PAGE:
In 2002, psychologists William Gehring and Adrian Willoughby published a fascinating study in Science magazine. Volunteers engaged in a computer-simulated betting game wore electrode caps that recorded changes in brain electrical activity after winning or losing. With each bet, the medial frontal cortex showed an increase in activity. But what intrigued researchers was how medial frontal negativity showed a larger dip after a loss than the rise in medial frontal positivity after a win. They concluded that, neurologically speaking, losses loom larger than gains. Stated another way, the aversion to loss of a certain magnitude is greater than the attraction to a gain of the same magnitude.
Gehring and Willoughby’s neurological study has huge ramifications when it comes to leadership in the church. Could this aversion to loss explain why we fixate on sins of commission—don’t do this and don’t do that—or why many of us take a “better safe than sorry” approach to the will of God? I wonder if it’s also why so many of us play defense instead of playing offense for the kingdom. We need a paradigm shift—one that’s modeled in the Bible by Jonathan.
Acting on Our Behalf
In 1 Samuel 14, the Israelites and Philistines were engaged in one of their epic conflicts. This time the Philistines had the upper hand—they controlled the pass at Micmash. While his father, King Saul, sat on the outskirts of Gibeah, Jonathan came up with a daring plan. He decided to climb the cliff and engage the enemy. The end result? That single act of courage was a tipping point that changed the balance of power and ended with Israel’s victory.
We don’t know all the circumstances surrounding this story, but one verse reveals Jonathan’s gestalt. In 1 Samuel 14:6, the king’s son says to his armorbearer: “Perhaps the Lord will act in our behalf” (NIV).
I love that modus operandi. Unfortunately, many Christians function with the opposite mindset: Perhaps the Lord won’t act in my behalf. We let fear dictate our decisions. We live as if the purpose of life is to arrive safely at death.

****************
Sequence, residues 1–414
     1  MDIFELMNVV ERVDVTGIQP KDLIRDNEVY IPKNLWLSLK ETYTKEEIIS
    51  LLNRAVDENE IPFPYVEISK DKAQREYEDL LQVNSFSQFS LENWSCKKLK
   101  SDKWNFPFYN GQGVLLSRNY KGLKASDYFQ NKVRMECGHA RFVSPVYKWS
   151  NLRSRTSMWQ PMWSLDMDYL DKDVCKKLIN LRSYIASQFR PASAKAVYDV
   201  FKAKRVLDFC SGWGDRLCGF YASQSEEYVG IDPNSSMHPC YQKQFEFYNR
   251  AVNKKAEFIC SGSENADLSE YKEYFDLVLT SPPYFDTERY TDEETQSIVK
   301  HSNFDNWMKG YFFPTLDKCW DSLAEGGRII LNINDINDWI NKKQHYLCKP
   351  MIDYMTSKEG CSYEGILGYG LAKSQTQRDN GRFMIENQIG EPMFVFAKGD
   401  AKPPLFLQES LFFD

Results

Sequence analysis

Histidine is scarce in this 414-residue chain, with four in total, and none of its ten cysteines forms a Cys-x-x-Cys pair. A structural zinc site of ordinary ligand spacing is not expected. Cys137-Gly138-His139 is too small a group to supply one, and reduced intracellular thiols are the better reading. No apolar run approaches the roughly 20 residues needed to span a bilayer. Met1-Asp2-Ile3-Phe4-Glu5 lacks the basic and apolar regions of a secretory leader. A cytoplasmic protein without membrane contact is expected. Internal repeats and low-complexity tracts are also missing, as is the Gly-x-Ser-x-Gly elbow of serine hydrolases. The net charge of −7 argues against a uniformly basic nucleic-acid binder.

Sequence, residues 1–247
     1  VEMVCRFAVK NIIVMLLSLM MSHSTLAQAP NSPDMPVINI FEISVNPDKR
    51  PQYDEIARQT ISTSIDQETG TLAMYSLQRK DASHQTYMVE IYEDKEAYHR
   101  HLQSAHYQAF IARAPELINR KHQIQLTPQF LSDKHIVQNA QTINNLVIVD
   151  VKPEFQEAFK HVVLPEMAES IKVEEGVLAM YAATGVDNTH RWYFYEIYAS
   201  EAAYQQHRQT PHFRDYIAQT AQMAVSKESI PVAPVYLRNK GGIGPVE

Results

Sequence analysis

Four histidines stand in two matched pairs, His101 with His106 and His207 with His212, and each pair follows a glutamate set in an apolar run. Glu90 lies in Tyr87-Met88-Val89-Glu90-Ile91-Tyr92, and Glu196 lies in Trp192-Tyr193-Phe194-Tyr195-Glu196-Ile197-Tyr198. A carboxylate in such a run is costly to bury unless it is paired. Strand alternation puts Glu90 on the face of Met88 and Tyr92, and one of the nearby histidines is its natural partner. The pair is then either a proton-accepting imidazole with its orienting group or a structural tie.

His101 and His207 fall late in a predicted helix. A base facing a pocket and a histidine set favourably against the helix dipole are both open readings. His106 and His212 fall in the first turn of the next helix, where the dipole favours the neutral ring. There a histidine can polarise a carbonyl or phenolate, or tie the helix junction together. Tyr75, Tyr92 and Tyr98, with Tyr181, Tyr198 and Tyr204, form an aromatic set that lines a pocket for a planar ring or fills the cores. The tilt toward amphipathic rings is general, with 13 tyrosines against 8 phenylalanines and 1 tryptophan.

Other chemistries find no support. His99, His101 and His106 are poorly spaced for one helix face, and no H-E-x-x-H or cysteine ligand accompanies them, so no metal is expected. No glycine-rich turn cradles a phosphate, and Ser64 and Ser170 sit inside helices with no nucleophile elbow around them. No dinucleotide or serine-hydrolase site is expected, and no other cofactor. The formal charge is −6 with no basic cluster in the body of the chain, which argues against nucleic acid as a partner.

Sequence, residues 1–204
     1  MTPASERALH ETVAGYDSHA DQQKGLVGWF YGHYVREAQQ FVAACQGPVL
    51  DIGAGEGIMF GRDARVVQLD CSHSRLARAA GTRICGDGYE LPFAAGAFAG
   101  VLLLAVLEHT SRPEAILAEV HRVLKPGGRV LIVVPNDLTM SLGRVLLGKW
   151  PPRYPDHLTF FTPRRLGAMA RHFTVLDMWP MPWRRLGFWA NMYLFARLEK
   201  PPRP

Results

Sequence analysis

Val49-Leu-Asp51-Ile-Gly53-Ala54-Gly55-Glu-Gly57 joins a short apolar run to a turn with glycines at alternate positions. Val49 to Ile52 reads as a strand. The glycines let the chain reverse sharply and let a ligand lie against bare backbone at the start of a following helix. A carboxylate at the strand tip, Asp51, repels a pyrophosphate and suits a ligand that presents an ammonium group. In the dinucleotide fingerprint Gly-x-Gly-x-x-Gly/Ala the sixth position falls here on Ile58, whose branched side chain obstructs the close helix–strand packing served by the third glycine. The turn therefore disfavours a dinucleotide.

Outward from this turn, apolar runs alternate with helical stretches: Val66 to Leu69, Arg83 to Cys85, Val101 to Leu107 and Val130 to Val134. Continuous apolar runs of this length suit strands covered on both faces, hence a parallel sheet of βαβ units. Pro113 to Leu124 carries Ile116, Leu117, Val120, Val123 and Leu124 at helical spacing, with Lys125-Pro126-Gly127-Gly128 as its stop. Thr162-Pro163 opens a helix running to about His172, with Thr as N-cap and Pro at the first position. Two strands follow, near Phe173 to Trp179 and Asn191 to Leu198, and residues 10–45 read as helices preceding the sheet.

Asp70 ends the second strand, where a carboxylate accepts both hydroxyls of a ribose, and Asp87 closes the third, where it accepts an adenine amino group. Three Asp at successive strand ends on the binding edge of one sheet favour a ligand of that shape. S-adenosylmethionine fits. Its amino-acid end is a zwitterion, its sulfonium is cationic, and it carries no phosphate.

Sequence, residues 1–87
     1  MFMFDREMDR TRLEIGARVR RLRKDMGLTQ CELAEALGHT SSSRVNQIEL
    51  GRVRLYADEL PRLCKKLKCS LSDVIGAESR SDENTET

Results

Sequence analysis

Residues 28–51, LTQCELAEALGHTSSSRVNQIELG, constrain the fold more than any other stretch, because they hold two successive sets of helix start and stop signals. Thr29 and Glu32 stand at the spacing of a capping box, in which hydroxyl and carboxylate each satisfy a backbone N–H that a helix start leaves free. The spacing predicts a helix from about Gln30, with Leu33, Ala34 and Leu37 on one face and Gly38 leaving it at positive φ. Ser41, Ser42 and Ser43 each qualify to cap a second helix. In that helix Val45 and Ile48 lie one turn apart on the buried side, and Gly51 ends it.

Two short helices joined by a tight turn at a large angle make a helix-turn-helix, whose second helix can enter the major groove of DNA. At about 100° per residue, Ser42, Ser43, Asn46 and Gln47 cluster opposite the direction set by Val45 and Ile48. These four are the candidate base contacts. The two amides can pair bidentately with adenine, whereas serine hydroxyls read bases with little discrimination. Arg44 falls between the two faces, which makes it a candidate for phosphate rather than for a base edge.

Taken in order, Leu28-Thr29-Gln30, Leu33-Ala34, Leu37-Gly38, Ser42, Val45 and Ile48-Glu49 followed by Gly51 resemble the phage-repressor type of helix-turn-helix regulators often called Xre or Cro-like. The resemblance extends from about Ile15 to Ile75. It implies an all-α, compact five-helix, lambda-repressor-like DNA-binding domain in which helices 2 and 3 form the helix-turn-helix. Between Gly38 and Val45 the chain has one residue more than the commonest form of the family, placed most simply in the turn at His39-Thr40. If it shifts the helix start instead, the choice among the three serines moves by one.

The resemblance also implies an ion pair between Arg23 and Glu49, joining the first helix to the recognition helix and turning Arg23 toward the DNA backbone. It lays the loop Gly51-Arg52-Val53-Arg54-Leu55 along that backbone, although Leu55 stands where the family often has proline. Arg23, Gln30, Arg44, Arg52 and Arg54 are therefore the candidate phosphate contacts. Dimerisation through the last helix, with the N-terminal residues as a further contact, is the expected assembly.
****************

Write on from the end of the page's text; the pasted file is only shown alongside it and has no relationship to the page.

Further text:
So here’s the question we’ve got to figure out as leaders: How can we overcome our natural aversion to loss and cultivate a visionary culture that inspires people to take God-ordained risks? I think Jonathan can teach us a few lessons when it comes to vision casting.
No. 1: Get a Vision
I love how Jonathan didn’t even tell his father what he was going to do. That speaks volumes to me. This wasn’t about impressing his dad, the king. This was about being obedient to what God had put in his own heart.
I can’t tell you exactly how to get a vision. They aren’t linear or logical in nature. Many of my visions have come at random times in random places. The church where I serve, National Community Church (NCC) in Washington, D.C., is currently one church with eight services in four locations. But it all traces back to the corner of Fifth and F streets, Northeast. While walking home from the office one day I had a vision of NCC meeting in movie theaters at metro stops throughout the D.C. area. There was no hallelujah chorus, no writing on the wall. But it was undoubtedly a “perhaps the Lord will act in our behalf” moment. I knew it wasn’t just a good idea. I knew it was a God idea.
Lots of pastors have faux visions. Their vision isn’t really their vision; it’s someone else’s vision. It’s a knockoff. And that doesn’t cut it. If you want to cast a vision, you’ve got to first get a vision—and it better be your own.